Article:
Most fish experts recommend that these Siamese algae eaters also be fed a dietary mix of fish food that includes some protein and natural plant foods. In the tank, these fish can be fed virtually any commercial or live food.

One precaution in feeding these fish is to not overfeed or overfeed them. When malnourished, Siamese tend to nibble on other plants within the tank that you may not want.

On the other hand, too much protein can make fish less inclined to feed on their preferred menu of algae. This could make the tank more difficult to keep clean, as they will have ruined their appetite!


The Siamese Algae Eater is relatively easy to care for and doesn’t require a lot of fuss or fancy tank conditions to thrive.

In general, plan to go with a minimum size tank of 25 to 30 gallons of water. This will allow them to be active and explore, while also having places to hide.

Keep the pH level of the water between 6.5 and 7.0, which replicates the constant, slightly acidic water conditions these fish find in their usual places in the wild.

Since the Siamese is a tropical fish that lives in freshwater streams and rivers with lower current action, keep the aquarium water temperature at 75°F to 79°F for best results.

The ideal range of water hardness is between 5 and 20 dH.


It is important that the tank includes live plants such as those found in the natural habitat of this species of fish. One tip is to use fast growing plants in case the fish are hungry for a snack and live plants. If they do, the plant can handle it and will soon return to its previous size and height.

The sandy bottom material is also great for keeping this bottom-loving fish safe from scraping rocks or reefs when resting.

Remember to provide plenty of shade and hiding places to keep stress and fatigue levels low while swimming. Small tunnels, swimming holes and hollowed-out logs are perfect additions to the tank of these fish.

Keep a lid over the aquarium to prevent these more active fish from jumping out when cleaning the tank or during feeding times.


The Siamese Algae Eater is known for its calm and peaceful temperament. This characteristic makes these fish an excellent choice for community aquariums that have various types of fish inside.

These constantly moving fish are considered social and get along with many other fish and aquatic creatures normally found in warmer freshwater environments.

There are a few precautions that first time owners should be aware of before introducing this fish to their aquarium. Since Siamese must stay on the move due to the absence of a swimmer’s bladder, these algae eaters need places to hide in the bottom of the tank when they need to rest or want to be alone.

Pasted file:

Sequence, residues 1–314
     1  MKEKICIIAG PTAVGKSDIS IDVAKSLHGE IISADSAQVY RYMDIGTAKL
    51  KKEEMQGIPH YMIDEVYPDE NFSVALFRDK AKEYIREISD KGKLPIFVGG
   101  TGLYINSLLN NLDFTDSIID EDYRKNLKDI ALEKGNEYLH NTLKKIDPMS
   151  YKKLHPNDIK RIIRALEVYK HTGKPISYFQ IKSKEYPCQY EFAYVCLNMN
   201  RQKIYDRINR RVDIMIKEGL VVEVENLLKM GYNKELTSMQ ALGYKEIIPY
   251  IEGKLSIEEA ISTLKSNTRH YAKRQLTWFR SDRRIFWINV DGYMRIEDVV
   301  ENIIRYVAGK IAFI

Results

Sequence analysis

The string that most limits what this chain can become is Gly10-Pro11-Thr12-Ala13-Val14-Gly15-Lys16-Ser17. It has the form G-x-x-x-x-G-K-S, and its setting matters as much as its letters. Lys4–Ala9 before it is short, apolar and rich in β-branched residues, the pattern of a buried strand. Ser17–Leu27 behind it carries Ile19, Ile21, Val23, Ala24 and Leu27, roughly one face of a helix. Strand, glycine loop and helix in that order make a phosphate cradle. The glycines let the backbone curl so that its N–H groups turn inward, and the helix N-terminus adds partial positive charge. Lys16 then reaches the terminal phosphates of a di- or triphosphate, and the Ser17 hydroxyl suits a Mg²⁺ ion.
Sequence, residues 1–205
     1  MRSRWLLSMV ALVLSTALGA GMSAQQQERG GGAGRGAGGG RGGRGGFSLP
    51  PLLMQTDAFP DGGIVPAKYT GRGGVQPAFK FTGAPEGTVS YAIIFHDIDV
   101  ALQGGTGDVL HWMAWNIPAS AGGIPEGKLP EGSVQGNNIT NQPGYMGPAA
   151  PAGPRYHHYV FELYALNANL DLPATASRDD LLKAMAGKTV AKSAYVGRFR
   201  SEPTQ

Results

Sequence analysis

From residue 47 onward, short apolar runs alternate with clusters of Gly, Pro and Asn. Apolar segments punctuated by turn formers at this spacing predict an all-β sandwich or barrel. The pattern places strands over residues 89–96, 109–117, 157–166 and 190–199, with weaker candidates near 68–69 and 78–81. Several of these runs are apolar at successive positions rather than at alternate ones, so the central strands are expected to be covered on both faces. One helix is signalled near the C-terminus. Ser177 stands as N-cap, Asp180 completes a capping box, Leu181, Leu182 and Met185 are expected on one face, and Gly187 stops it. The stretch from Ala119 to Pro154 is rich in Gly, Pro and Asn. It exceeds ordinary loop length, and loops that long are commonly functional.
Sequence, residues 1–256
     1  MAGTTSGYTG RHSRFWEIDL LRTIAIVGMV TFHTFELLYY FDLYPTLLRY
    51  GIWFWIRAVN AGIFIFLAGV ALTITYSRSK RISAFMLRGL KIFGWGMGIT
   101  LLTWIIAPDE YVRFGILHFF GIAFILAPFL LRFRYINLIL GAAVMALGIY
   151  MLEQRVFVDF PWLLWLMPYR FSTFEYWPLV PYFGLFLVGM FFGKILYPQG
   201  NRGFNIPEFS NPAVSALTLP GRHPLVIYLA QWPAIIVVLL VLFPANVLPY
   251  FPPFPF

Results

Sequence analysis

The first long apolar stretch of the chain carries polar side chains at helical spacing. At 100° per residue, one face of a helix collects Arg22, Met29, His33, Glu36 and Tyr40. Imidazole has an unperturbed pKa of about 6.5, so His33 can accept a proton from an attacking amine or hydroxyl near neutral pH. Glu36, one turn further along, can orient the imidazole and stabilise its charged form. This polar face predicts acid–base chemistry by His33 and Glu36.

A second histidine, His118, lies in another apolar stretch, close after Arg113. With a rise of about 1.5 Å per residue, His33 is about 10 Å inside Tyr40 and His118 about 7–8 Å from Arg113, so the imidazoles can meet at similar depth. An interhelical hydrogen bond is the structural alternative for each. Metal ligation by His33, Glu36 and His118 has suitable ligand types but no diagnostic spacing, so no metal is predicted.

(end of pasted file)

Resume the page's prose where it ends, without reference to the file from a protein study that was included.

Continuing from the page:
Fish owners can create an ideal habitat for Siamese algae eaters by providing a few cave holes and various plants or objects such as driftwood at the bottom of the aquarium. This gives these active fish a place to get away from others when they need a place to kick back and relax from their busy lifestyles.

The behavior of Siamese algae eaters can be described as active and definitely social. These fish are always on the move and are always looking for algae and other plankton which is usually found on the bottom and walls of the tanks. Due to their active nature, Siamese Algae Eaters are interesting fish to watch compared to their less active counterparts.

Aquarium owners should understand that while these fish are not prone to aggression towards other fish, they can be a stress to other aquarium inhabitants due to their constant movement throughout the tank. This action could stir up another fish’s quiet zone. Adding enough hiding spots helps prevent this problem if you have a community tank.

If a Siamese algae eater appears aggressive, you need to carefully monitor the situation and determine what fish or other creature is causing this normally docile fish to react this way. In rare cases, the fish may need to be kept in a separate tank.

These fish can be somewhat territorial in nature towards their own kind, and it is best to keep a single Siamese or keep 5 or more in a group. This replicates their normal situation in the wild and will prevent a single fish from «claiming» an area of ​​the tank.


Siamese algae eaters are generally bottom-dwelling fish and get along with a wide variety of tank mates. However, choose other bottom-dwelling fish pairs carefully, as the vast majority of bottom-dwellers are somewhat territorial in their normal nature.

Their peaceful nature makes them good companions for a host of freshwater creatures (large and small). Considering fish from the Corydoras family is a tried and true match if you are looking for a specific species to pair them with.

Avoid cichlids and red tail sharks as they are more likely to be territorial and aggressive. A possible exception to this rule is the angelfish.

Some recommended tankmates include:

  • guppies
  • tetras
  • danios
  • spikes
  • Any tame gouramis


It can be difficult to breed Siamese Algae Eaters in a normal aquarium environment. Fish experts simply don’t know much about successful breeding of this species when not in a controlled fish farm environment.

They seem to breed like most fish of their kind, but most fish owners end up relying on fish farms to expand their numbers of Siamese algae eaters. Furthermore, these fish require additional hormones even when reproducing in a farmed environment.

If you’re thinking of breeding Siamese Algae Eaters on your own, don’t get your hopes up. It’s best to keep them happy and healthy if you plan to keep them in your tank.


As you can see these fish are a fantastic and fun addition to almost any freshwater tank and can survive without much attention.

Just take care of their basic needs, and they’ll return the favor by taking care of the algae in your tank!

We hope you now have a better understanding of Siamese Algae Eaters as a species and how to help them thrive. If you have any comments or questions about this fish, you can always contact us and let us know.